Cirque du Soleil, the circus company that was once one of Quebec’s most successful businesses, filed for bankruptcy protection on Monday.
But Quebec’s major institutional investors have made a bid to secure the company’s future and keep it based in Montreal.
The company’s revenue flow was devastated by the pandemic, which forced it to halt dozens of productions around the world.
In a news release, the company said Quebec Superior Court will hear its application for bankruptcy protection tomorrow. If granted, the company said it will also seek bankruptcy protection in the United States.
“For the past 36 years, Cirque du Soleil has been a highly successful and profitable organization. However, with zero revenues since the forced closure of all of our shows due to COVID-19, management had to act decisively to protect the company’s future,” president and CEO Daniel Lamarre said in the statement.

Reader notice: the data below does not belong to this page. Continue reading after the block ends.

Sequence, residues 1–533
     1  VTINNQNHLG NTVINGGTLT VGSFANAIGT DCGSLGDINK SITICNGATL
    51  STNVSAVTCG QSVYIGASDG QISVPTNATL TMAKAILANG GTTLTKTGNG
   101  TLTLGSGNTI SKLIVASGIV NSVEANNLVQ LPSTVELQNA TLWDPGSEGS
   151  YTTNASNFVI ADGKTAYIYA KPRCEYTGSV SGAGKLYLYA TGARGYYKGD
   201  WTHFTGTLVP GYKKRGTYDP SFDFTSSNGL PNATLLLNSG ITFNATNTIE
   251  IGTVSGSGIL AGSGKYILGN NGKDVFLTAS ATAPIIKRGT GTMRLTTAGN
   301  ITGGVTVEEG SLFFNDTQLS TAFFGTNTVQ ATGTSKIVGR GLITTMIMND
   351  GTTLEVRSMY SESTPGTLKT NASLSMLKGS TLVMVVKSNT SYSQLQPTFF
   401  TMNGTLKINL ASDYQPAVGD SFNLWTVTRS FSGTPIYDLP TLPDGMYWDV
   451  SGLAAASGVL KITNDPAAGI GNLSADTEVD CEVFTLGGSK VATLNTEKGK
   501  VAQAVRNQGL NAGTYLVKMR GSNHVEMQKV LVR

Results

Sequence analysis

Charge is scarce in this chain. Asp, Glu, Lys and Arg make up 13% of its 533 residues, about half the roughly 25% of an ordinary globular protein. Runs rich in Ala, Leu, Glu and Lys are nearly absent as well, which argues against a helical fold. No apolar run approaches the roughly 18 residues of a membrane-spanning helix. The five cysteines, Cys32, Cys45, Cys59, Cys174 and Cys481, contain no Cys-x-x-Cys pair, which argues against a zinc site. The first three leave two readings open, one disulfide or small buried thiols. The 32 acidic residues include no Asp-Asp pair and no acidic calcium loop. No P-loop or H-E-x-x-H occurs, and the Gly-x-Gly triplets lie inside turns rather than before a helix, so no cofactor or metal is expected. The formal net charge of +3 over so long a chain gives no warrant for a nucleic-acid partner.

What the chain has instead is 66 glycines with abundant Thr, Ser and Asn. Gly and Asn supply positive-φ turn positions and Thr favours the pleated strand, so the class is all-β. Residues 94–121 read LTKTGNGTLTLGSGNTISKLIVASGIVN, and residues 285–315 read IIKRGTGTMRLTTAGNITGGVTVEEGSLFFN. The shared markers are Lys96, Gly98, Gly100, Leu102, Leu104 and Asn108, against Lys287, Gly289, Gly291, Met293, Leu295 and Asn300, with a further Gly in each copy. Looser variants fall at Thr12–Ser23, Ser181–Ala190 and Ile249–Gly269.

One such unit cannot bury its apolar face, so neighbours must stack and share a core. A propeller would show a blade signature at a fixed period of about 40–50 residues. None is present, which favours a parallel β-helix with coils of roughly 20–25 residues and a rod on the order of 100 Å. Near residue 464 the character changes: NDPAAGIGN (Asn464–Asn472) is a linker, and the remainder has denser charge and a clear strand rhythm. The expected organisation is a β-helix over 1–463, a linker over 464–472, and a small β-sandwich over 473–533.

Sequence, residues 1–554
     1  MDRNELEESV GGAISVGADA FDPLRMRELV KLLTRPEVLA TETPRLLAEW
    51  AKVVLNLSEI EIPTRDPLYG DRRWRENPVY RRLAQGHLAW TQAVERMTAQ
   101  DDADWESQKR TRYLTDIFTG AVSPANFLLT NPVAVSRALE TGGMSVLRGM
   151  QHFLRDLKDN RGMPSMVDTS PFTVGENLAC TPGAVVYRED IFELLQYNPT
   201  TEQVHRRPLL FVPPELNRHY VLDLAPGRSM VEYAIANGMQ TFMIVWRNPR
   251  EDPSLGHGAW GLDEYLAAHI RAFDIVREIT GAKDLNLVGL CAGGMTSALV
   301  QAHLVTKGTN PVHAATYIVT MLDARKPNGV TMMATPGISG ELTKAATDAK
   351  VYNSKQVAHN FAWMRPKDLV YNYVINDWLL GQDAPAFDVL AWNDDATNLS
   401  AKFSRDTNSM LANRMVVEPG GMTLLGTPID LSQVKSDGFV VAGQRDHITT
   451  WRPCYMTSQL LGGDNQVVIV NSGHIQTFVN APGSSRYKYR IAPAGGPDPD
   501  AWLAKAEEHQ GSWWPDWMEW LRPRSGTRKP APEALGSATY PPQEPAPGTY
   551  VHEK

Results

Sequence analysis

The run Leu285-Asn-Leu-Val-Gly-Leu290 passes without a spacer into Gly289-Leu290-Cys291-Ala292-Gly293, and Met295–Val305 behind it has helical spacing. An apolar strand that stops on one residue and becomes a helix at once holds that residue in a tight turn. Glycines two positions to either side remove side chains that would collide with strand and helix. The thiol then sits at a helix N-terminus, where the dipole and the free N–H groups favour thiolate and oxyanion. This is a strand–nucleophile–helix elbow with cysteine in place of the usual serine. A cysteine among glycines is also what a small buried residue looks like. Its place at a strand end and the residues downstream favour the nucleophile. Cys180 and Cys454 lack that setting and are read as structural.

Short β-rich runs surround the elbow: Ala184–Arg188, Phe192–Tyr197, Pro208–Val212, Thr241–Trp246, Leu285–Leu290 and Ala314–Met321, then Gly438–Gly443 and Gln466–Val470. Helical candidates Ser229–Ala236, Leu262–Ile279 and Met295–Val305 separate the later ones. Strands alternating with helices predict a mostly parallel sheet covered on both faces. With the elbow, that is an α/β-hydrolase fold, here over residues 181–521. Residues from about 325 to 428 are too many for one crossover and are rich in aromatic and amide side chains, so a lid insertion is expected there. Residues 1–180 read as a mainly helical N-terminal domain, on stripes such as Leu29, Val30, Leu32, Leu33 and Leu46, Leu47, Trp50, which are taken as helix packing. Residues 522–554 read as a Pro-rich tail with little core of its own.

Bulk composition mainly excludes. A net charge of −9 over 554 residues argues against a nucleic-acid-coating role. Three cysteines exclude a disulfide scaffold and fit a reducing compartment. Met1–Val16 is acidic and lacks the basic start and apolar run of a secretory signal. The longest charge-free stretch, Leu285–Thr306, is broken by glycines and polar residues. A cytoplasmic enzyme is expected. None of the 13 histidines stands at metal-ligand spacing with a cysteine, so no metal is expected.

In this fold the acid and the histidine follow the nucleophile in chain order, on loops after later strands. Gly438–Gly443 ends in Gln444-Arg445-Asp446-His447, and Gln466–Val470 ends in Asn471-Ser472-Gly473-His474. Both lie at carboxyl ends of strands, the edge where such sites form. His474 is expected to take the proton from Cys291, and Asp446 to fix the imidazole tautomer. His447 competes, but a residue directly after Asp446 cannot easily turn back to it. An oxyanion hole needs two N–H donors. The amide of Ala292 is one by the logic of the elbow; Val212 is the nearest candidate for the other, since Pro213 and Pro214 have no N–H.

As part of the restructuring plan, the company has entered into an agreement that will see it sold to an existing group of investors that includes Quebec’s pension fund manager, the Caisse de dépôt et placement du Québec.
The Quebec government’s investment wing (Investissement Québec) will provide $200 million in debt financing to help the purchase.
Under the terms of the deal, the group would take over Cirque’s liabilities and invest $300 million US. The deal, known as a stalking horse agreement, requires court approval.
The agreement also includes commitments to keep the company’s headquarters in Montreal and provide $15 million US in support to 3,500 employees who will be permanently laid off.
Cirque said it intends to rehire a “substantial majority” of the laid-off workers when business conditions improve.